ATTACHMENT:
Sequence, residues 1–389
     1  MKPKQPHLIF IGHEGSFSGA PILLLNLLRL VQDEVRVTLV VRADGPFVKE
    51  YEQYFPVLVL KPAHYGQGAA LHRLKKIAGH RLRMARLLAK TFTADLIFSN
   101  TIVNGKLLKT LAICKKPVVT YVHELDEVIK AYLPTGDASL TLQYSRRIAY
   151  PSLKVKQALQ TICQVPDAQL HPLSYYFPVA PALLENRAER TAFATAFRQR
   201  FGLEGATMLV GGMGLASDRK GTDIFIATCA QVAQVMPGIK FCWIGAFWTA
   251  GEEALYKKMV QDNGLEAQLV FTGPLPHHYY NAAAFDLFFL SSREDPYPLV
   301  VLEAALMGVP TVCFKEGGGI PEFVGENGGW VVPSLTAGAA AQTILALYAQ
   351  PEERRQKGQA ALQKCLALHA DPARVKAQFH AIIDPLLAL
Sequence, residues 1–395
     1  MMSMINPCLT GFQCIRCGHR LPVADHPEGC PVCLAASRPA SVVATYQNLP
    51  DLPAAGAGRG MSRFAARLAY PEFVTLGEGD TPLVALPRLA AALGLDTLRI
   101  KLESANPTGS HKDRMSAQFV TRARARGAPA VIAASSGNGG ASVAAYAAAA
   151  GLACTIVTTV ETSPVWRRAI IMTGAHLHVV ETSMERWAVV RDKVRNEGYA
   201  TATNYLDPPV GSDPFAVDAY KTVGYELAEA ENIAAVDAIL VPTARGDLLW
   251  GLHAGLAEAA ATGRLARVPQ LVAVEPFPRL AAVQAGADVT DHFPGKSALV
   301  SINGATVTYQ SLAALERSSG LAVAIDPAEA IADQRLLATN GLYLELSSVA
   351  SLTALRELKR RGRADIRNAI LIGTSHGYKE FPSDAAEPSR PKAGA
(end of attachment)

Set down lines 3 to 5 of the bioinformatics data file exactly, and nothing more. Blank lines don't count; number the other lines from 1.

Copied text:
    51  YEQYFPVLVL KPAHYGQGAA LHRLKKIAGH RLRMARLLAK TFTADLIFSN
   101  TIVNGKLLKT LAICKKPVVT YVHELDEVIK AYLPTGDASL TLQYSRRIAY
   151  PSLKVKQALQ TICQVPDAQL HPLSYYFPVA PALLENRAER TAFATAFRQR